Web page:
SEC mailbag: Big spring for Gamecocks' Garcia
Posted by ESPN.com's Chris Low
Let's empty out the SEC mailbag as we count down the days to the start of spring practice:
Josh in Smyrna, Ga., writes: Do you think new quarterbacks coach G.A. Magnus can inspire confidence and foster development with Gamecocks quarterback Stephen Garcia?
Chris Low: I think some new blood will be good for Garcia, although let's be honest: Steve Spurrier will always be the executive quarterbacks coach. If you're going to play quarterback for him, you've got to do it the way he wants it done. Mangas played quarterback for Spurrier at Florida, worked on the staff under Spurrier in the early 1990s and clearly knows how Spurrier wants it done. This is a big spring practice and offseason for Garcia. Remember, he's yet to go through a spring practice at South Carolina. Most of the burden is on him. He needs to continue to mature. He needs to find the film room and live in it, and most of all, he needs to become a leader both on and off the field. To this point, I don't get the feeling Spurrier thinks Garcia has worked very hard at becoming the kind of quarterback the Head Ball Coach wants him to become.
Matt in Atlanta writes: Didn't Bear Bryant have an outright title in 1961? That would give him two and Alabama three. Let's not even get into 1966 ...
Chris Low: I'm sure you're referring to the piece on Florida's Urban Meyer being the only coach in SEC history with two outright national championships as recognized by the NCAA. You're right about Bryant. He won six national championships at Alabama. But again, according to the NCAA, he shared five of those six. For instance, Alabama was voted the 1961 national champion by the Associated Press (AP) and United Press International (UPI), but Ohio State was voted the national champion that year by the Football Writers Association of America (FWAA). As for 1966, Alabama certainly deserved the title over Notre Dame and Michigan State. You'll get no argument from me on that one. The SEC and the South weren't winning many popularity contests back in those days.
Steve in Atlanta writes: C'mon Chris, a third secondary is no big deal the last time I checked. Saint Richt had 17 last year, and New Mexico is trying to tally the most in Division I. Three secondary violations are no big deal.
Chris Low: Typically, I would agree. In fact, if a school isn't reporting its share of secondary violations, then it's probably not doing a very good job of policing itself. But in the case of Lane Kiffin, it becomes bigger news because he made it such a story. He's the one who came out and accused Florida's Urban Meyer of cheating (for something that wasn't a violation), then gets reprimanded by SEC commissioner Mike Slive and essentially told that he needs to brush up on his knowledge of the rules. Then a week later, Tennessee officials confirm that they've self-reported three secondary violations involving Kiffin. Chalk it up to learning on the job, although I hear Kiffin isn't real pleased that university officials were so quick to release these violations to the media. In the grand scheme, none of this will matter one bit if he does what he was hired to do -- beat Alabama, Florida and Georgia more than they beat Tennessee, get to BCS bowls and win a few SEC championships.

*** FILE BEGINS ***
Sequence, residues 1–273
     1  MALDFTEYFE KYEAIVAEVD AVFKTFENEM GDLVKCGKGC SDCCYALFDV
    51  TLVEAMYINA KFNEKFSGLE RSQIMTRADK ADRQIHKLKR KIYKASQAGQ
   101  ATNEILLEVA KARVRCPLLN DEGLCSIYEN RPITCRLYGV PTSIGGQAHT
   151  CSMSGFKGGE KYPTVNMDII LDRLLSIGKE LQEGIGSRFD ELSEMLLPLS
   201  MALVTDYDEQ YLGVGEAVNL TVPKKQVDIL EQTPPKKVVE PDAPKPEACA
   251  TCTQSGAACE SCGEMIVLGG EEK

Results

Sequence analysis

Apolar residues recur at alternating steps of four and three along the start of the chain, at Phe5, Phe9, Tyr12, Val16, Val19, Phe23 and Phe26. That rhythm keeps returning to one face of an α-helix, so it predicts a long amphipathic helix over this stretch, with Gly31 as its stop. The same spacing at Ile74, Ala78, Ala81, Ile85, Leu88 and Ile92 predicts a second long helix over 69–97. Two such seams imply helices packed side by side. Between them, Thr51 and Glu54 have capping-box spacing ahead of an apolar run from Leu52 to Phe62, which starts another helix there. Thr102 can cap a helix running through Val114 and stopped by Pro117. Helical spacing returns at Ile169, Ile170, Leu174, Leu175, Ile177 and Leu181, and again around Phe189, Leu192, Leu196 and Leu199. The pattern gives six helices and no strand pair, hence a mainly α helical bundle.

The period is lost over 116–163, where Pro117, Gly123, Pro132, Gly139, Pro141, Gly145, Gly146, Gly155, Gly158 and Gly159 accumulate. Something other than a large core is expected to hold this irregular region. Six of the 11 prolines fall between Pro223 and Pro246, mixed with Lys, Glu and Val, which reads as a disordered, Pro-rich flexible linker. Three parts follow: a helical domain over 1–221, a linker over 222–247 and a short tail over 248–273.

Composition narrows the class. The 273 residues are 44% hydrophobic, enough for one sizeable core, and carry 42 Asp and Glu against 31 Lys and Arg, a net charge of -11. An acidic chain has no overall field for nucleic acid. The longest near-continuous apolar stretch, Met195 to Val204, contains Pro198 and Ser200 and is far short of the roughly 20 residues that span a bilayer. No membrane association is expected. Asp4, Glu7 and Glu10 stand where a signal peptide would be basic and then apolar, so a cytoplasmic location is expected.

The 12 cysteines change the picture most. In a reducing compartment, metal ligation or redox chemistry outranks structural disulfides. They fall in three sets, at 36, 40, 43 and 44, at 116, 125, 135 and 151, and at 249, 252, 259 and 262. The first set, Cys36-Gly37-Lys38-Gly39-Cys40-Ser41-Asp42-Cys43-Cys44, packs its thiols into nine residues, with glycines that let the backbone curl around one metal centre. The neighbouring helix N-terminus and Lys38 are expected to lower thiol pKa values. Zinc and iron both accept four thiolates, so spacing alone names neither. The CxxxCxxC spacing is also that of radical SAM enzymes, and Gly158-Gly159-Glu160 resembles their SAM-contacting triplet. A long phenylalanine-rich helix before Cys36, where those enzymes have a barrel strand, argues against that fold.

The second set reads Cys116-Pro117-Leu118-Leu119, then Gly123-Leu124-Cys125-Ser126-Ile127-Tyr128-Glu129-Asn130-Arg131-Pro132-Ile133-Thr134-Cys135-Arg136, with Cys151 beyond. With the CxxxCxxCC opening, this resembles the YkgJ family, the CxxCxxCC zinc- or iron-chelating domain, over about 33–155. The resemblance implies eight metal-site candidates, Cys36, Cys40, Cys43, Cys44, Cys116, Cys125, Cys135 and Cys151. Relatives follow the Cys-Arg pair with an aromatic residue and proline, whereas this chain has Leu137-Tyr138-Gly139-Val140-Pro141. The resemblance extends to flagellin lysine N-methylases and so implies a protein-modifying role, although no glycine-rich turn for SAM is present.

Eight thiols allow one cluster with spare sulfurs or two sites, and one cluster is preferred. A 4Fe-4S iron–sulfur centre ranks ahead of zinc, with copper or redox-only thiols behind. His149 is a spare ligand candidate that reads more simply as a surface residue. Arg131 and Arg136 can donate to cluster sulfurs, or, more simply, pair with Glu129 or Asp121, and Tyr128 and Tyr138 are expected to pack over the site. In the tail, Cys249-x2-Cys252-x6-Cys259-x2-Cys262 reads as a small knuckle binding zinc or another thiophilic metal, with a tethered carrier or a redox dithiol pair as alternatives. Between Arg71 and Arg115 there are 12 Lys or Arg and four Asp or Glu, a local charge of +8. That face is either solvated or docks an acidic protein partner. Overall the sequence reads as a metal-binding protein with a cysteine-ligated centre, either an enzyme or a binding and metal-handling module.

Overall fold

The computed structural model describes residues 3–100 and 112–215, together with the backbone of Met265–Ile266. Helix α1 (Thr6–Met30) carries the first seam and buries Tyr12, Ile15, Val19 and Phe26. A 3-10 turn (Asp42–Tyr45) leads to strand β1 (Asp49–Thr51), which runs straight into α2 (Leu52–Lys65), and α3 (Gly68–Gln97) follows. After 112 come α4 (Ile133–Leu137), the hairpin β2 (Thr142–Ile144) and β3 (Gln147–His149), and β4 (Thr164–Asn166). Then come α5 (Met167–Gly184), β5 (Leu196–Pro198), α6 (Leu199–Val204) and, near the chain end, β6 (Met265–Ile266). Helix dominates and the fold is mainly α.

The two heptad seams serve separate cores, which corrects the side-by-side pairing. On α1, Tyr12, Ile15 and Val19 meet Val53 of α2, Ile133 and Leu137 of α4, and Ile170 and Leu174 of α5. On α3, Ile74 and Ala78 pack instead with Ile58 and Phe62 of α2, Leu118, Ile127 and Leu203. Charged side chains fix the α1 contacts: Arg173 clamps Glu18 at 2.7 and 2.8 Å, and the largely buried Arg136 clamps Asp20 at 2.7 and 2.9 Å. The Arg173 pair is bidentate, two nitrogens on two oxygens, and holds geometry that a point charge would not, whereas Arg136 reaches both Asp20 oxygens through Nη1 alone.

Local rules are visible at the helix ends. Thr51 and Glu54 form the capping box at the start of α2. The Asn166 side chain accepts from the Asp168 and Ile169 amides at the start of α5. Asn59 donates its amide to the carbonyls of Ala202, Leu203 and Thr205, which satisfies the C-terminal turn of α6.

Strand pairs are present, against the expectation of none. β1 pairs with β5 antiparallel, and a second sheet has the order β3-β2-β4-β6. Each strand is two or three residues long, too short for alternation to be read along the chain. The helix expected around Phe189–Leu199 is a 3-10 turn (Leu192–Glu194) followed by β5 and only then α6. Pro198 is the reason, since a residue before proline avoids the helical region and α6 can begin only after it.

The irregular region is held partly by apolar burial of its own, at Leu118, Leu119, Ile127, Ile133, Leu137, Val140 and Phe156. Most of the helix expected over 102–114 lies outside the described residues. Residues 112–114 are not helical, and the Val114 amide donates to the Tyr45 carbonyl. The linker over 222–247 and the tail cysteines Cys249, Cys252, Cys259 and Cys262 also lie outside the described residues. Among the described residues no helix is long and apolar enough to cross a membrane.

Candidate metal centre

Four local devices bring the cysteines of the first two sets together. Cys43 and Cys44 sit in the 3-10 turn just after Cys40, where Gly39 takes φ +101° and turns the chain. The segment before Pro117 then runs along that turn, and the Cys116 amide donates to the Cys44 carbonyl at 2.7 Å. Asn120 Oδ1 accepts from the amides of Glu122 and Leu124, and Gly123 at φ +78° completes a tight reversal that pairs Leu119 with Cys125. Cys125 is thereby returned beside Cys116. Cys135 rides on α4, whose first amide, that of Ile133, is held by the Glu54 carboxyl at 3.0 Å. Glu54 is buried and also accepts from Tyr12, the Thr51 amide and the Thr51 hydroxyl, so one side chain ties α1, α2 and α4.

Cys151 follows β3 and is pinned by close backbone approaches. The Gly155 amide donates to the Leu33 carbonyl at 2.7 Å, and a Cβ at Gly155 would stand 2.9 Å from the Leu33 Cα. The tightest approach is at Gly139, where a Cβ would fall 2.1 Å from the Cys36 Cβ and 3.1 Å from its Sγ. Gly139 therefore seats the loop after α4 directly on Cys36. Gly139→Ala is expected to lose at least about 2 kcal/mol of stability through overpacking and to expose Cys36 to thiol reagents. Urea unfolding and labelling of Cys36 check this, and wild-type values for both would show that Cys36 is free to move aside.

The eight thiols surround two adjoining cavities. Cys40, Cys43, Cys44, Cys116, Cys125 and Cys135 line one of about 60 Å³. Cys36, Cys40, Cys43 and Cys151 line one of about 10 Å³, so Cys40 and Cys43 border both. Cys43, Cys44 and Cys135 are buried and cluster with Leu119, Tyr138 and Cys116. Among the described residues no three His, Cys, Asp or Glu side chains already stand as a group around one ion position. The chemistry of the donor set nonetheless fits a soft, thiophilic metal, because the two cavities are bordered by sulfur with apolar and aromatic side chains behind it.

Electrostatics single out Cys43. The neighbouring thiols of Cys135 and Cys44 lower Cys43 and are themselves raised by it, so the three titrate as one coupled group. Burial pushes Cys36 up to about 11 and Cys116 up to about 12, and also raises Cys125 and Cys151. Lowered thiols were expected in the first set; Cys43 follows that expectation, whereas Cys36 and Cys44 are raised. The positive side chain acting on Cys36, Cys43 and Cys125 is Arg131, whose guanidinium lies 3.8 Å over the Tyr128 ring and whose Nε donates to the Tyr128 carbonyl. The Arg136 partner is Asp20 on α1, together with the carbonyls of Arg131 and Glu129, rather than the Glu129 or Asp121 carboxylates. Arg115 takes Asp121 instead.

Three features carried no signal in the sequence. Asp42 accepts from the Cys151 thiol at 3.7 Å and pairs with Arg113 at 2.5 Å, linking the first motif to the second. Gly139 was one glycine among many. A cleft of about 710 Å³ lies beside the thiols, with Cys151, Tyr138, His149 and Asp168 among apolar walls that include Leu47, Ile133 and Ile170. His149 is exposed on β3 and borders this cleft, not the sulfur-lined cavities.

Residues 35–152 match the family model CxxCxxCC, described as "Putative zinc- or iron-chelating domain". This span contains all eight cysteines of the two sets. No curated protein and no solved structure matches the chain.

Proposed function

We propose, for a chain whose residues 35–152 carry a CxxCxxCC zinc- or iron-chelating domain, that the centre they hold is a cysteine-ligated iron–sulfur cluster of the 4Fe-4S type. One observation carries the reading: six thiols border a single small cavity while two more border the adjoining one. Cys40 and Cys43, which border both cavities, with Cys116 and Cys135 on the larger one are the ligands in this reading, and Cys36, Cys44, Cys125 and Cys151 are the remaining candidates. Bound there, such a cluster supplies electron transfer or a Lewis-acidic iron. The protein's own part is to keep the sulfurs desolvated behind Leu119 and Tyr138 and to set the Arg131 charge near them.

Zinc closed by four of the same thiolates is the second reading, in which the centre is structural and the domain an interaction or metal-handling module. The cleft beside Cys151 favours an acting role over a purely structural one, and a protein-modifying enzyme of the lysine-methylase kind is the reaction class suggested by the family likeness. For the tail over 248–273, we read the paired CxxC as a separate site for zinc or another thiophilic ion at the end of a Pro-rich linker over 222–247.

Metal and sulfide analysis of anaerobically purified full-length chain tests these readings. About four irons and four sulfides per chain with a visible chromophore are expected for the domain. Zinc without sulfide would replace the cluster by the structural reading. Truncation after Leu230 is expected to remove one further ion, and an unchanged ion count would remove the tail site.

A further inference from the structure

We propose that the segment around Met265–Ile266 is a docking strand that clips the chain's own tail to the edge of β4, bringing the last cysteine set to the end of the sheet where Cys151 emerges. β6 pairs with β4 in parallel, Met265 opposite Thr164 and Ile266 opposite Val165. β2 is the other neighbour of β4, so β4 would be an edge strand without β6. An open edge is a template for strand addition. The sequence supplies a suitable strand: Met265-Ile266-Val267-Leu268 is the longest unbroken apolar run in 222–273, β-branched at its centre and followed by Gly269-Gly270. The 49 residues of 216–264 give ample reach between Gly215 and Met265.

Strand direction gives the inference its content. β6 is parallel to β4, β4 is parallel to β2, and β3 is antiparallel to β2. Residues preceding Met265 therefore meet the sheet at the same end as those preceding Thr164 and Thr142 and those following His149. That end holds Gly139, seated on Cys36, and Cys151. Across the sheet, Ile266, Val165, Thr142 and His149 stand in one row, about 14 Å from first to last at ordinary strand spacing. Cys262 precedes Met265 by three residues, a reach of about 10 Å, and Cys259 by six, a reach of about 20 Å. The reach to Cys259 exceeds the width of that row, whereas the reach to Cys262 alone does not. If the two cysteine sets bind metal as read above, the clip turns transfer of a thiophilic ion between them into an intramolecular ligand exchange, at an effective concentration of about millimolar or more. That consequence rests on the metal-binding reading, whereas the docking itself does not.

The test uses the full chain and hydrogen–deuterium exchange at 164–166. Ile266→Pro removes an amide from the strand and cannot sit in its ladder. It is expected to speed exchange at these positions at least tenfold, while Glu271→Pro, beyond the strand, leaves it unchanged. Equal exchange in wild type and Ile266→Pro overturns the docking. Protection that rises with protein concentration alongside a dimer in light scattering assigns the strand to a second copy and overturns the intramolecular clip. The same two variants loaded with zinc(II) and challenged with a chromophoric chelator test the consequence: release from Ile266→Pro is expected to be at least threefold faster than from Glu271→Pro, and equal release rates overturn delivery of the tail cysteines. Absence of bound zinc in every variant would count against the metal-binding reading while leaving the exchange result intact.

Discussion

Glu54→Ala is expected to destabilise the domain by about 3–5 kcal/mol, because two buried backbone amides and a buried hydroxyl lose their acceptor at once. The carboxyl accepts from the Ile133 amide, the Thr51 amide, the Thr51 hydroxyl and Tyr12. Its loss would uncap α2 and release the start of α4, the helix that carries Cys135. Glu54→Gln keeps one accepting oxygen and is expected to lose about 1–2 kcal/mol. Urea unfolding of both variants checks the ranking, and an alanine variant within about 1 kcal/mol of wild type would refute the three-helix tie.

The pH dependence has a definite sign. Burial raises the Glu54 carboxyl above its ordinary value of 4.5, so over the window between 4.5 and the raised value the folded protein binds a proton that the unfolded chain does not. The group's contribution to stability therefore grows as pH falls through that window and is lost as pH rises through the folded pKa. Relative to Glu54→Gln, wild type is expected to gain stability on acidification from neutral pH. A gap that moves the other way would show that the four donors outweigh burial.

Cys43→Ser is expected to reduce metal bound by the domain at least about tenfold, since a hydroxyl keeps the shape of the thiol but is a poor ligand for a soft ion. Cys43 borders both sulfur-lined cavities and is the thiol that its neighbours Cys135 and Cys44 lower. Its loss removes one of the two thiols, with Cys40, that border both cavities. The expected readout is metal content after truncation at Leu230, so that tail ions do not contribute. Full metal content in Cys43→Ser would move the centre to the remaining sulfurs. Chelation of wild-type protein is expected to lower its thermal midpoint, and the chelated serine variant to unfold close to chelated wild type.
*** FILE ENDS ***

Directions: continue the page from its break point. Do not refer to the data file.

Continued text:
Ben in Cleveland, Tenn., writes: Just wondering when an SEC football coach is going to turn in Alabama coach Nick Saban on an apparent recruiting violation. Saban obtained a commitment from (Memphis) Mitchell receiver Keiwone Malone, a high school junior. The only problem is that other than a "bump" -- which is an accidental "hello, how are ya?" -- a coach can't have direct contact with a junior at the time that Saban did (before signing day for seniors on Feb 4th). That's a dead period according to the NCAA rules. Judging from the quotes given by Malone to the Commercial Appeal's Jason Smith, there was a face to face meeting and a selling job by Saban. Mitchell High didn't have any seniors that were being recruited by Saban, so his visit wasn't for that purpose. And it had to be more than a bump. When's the last time you heard a kid receive a scholarship offer and commit on a bump? This wasn't a bump by the Sabanator. This was full-contact recruiting. So, is the SEC going to ignore this, yet jump all over Lane's every move?
Chris Low: I can assure you that SEC coaches have already turned Saban in on various matters, and I'm sure Saban has turned SEC coaches in. The SEC's policy on reporting NCAA violations now is that everything is streamlined through the conference office. As for the so-called "bump," I did a whole post on the matter earlier Monday. The "bump" rule isn't always followed by the letter of the law by a lot of coaches. Let's just leave it at that. In this particular case, the prospect had already committed to Saban by phone. It wasn't a dead period for Saban to be on that high school campus, either. The prospect's comments to the Memphis Commercial Appeal sure make it sound like there was more than a quick hello when they "bumped" into each. However, the high school coach told The Mobile Press-Register that Saban did nothing wrong and merely said hello. I also can assure you that the SEC doesn't just ignore things. They're constantly monitoring these matters, although they don't necessarily comment on them. And that's no bump.